Whitford points out that John Adams, who was involved with the drafting of the Declaration of Independence and with promoting the American Revolution arguably more than Jefferson, says that his influence was not Jefferson’s John Locke but John Ponet.  He was a Protestant English bishop who fled the Catholic persecutions of Mary Tudor (a.k.a. “Bloody Mary”) and lived in exile in Strasbourg, then a Lutheran city in present-day France.  Here Ponet interacted with Lutheran divines and became acquainted with the Magdeburg Confession, which served as the basis for his own  Short Treatise on Political Power.

Click here to read the rest of Dr. Veith’s article.

Be Informed

The Nebraska State Legislature [recently] approved by 33 to 8 the Dismemberment Abortion Ban, a bill that bans a late term abortion practice that involves pulling the arms and legs off of a living unborn baby.” Did you know? Click here to learn more about this landmark case.




Be Equipped

When it comes to matters of faith and life in the church, are religious restrictions allowed or do they infringe on religious liberty? The Family Research Council explains.




Be Encouraged

“More than 61 million unborn children have died as a result of the Supreme Court’s 1973 Roe v. Wade and Doe v. Bolton decisions. However, through the right-to-life movement’s determination to protect mothers and their children, we continue to see evidence that our efforts to educate America about the unborn child’s humanity, and our efforts to enact protective pro-life legislation, are having a tremendous impact in moving our nation away from Roe and Doe’s deadly legacy.” – Carol Tobias, National Right to Life president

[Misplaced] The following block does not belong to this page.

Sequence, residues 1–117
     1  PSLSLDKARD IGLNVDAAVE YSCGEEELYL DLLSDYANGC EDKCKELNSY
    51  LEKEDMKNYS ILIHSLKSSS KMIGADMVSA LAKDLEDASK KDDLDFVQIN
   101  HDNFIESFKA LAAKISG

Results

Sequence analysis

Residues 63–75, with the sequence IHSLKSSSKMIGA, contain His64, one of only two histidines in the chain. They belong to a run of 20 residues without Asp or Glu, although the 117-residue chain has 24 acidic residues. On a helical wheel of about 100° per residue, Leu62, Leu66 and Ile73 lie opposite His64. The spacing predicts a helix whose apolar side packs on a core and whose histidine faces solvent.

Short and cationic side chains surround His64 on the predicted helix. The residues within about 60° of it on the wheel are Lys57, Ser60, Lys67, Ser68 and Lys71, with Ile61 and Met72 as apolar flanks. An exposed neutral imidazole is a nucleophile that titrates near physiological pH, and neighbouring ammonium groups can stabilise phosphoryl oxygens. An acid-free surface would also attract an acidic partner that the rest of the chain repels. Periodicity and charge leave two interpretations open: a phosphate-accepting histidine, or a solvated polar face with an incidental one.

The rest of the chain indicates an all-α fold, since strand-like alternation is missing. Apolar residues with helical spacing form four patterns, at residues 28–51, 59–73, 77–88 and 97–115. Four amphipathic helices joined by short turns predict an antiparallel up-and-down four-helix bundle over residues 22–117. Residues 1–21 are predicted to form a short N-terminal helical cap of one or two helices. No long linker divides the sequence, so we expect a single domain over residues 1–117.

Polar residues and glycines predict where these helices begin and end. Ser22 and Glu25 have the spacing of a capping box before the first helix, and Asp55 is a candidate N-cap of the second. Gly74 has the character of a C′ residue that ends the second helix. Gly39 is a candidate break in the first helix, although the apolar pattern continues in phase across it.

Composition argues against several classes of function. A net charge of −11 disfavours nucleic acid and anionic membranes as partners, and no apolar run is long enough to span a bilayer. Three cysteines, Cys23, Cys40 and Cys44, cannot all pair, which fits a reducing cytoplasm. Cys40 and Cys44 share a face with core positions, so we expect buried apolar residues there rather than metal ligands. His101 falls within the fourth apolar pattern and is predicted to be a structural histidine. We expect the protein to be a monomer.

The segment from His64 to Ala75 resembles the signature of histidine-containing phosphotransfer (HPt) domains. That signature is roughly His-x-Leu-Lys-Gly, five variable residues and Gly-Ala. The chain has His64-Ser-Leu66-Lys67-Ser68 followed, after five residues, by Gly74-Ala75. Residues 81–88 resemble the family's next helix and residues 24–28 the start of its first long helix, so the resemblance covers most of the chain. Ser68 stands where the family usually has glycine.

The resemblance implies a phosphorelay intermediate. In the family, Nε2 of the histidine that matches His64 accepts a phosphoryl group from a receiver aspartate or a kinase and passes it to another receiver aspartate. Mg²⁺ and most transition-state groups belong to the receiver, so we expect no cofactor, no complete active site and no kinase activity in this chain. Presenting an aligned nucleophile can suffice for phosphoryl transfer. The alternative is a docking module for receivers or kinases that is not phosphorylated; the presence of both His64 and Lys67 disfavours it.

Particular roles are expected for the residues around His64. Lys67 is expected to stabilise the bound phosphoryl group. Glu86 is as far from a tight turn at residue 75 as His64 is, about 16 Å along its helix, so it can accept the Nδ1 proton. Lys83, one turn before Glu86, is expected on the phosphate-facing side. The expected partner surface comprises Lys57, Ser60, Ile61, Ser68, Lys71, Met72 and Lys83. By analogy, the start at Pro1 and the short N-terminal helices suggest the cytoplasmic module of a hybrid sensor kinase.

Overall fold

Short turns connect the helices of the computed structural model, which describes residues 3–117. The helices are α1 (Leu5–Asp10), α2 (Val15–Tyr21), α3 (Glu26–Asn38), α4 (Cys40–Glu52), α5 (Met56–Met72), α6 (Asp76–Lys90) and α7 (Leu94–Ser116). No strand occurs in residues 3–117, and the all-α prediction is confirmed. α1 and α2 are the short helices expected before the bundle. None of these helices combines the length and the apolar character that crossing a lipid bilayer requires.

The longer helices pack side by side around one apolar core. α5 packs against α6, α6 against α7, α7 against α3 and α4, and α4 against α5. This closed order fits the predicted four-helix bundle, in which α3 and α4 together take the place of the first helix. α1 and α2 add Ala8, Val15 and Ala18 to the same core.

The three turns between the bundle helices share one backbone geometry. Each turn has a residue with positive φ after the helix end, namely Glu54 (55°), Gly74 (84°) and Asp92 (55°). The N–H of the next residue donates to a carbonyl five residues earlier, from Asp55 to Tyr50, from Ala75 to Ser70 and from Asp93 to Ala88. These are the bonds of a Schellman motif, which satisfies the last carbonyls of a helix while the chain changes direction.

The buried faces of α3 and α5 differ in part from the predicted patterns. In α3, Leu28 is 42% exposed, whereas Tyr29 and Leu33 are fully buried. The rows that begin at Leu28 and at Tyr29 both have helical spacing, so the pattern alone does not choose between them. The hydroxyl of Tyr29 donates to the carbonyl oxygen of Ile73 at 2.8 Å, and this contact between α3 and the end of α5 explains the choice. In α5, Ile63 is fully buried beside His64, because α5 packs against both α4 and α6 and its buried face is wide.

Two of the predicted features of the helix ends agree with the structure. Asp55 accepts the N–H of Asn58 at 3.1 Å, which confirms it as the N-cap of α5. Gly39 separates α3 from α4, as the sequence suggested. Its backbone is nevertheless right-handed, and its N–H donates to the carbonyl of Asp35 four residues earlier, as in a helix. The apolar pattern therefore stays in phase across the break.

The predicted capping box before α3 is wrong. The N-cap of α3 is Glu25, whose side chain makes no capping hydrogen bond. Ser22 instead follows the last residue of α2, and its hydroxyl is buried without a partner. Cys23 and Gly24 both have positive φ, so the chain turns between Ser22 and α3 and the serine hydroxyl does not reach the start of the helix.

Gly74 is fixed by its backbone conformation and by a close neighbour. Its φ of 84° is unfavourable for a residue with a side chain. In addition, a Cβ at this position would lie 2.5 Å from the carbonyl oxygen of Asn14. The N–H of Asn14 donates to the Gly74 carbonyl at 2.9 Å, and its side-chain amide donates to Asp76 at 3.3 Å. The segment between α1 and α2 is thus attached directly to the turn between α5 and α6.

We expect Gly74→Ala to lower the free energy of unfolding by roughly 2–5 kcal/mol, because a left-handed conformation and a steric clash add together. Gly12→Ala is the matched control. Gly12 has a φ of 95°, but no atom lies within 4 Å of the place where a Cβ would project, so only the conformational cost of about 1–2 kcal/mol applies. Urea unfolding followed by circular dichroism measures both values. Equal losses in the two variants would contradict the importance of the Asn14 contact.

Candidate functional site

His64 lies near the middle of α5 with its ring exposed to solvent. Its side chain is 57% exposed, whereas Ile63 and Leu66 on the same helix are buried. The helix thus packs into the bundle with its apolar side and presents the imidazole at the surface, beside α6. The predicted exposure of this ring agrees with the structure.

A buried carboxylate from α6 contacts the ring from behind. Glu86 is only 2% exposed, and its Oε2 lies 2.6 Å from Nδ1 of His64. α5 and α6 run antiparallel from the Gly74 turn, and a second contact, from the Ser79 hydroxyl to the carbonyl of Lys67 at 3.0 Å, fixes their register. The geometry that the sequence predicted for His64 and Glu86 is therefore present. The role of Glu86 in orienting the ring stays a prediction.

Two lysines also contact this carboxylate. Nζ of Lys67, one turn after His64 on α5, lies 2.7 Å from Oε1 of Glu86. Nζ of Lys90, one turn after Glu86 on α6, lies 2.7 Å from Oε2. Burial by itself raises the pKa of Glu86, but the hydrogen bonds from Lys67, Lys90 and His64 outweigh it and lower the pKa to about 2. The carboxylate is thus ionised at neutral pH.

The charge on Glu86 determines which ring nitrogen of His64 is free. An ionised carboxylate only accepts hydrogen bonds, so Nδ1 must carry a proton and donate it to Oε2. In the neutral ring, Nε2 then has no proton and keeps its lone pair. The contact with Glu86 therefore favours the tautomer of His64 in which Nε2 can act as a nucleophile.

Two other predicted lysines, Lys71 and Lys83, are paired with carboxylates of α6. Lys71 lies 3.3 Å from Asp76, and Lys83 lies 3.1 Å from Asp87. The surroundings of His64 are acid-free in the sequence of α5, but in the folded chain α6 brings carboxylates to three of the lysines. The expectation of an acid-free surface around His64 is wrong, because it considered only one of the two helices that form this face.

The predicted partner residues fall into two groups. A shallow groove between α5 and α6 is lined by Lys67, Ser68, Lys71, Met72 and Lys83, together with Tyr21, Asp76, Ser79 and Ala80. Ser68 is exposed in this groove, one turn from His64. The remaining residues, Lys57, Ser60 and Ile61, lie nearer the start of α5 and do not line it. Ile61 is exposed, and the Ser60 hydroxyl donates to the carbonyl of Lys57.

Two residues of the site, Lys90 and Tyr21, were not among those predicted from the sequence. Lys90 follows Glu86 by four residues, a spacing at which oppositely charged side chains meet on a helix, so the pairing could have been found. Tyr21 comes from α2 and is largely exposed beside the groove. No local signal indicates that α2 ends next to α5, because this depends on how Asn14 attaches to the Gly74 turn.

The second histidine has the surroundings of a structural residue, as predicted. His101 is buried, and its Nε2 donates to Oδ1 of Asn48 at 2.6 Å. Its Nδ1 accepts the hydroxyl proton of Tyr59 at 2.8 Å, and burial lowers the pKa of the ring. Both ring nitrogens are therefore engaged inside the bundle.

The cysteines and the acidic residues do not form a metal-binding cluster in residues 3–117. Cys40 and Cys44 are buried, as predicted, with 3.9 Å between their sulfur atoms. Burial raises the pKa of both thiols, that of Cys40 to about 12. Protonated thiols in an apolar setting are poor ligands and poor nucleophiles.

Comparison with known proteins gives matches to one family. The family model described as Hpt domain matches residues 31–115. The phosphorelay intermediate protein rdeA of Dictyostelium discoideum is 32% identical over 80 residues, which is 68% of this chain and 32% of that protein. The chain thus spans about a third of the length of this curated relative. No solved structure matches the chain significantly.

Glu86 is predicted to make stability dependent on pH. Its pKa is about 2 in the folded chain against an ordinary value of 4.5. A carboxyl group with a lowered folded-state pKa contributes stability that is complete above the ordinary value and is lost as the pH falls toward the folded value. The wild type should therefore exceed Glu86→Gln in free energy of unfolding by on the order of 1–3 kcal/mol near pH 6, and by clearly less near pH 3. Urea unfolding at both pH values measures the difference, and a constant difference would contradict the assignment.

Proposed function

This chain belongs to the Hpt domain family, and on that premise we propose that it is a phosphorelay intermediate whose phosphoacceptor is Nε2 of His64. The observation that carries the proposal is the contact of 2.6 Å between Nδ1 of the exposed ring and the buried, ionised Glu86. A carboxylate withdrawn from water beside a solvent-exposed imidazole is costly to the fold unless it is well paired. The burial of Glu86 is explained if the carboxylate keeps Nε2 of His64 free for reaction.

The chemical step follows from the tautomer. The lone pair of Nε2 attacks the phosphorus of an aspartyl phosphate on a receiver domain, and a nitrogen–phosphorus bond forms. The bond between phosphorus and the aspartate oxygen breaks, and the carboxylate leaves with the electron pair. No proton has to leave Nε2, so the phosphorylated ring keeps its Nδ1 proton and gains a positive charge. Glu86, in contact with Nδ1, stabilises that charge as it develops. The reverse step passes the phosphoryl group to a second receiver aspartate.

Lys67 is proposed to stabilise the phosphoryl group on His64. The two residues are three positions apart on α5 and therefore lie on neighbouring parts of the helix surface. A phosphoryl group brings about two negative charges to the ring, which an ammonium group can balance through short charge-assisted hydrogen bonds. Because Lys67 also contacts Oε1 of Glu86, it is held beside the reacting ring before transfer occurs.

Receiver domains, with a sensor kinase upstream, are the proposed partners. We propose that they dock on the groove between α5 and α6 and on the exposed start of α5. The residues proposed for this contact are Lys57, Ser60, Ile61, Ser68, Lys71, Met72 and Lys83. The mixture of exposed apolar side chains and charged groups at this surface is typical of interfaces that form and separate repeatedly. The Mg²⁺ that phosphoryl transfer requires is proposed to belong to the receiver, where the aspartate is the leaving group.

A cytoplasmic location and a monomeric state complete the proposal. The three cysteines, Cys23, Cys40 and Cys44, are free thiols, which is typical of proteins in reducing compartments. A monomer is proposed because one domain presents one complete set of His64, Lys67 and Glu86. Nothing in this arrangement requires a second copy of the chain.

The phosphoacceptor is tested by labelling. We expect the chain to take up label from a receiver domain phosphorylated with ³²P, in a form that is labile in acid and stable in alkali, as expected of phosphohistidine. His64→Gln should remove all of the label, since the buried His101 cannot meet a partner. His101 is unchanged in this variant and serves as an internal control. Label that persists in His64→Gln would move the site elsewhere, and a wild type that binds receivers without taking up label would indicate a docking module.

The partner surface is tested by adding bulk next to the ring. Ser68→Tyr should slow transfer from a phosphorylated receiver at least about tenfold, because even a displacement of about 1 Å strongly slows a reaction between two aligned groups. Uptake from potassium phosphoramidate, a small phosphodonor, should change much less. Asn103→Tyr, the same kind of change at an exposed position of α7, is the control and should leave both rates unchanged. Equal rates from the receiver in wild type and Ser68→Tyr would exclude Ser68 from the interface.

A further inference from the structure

Help support our efforts to contend for the freedom to proclaim the faith. Click here to learn more or to donate.



It’s Friday, September 11. But no matter what day 9/11 falls upon each year, the events of that Tuesday morning in 2001 will be forever be burned into my memory. On that second Tuesday in September, I was confronted by the scenes of New York City’s burning towers on TV in California just before 6:00 a.m. We had just moved from New York City to Irvine, Calif., that summer. Ironically, I had stood on the observation deck of the Towers just two months before. And, even more ironically, had we still been living in New York that day, I would have been downtown leading a Bible study on Wall Street at 8:00 a.m. Then, after the study at 8:45 a.m., I would have been walking to the subway station under the Twin Towers to venture back to the Church for All Nations just as the first plane hit.

On a day when I would have been in the heart of the business district of New York City freely sharing how faith in Jesus can change the lives of the power brokers of Wall Street, another ideology was planning to demolish all the “power buildings” of my country, buildings like the Twin Towers, Wall Street, the Pentagon and the White House. In the weeks after that first 9/11, our country came together with a unified zeal, committed to defending our homeland against all enemies, foreign and domestic. But that soon changed. Very shortly thereafter, the mantra was no longer, “Why are they so evil?” Instead, the question became, “Why do others hate America so much?” Why, indeed? Like a battered spouse, we made others’ evils our responsibility and demonized healthy patriotism and respect for the many blessings of America for all. Just recently, I saw a protestor holding up a sign that said, “Religious Freedom is Christian Terrorism.” The men who flew those planes into our buildings could have said the same thing.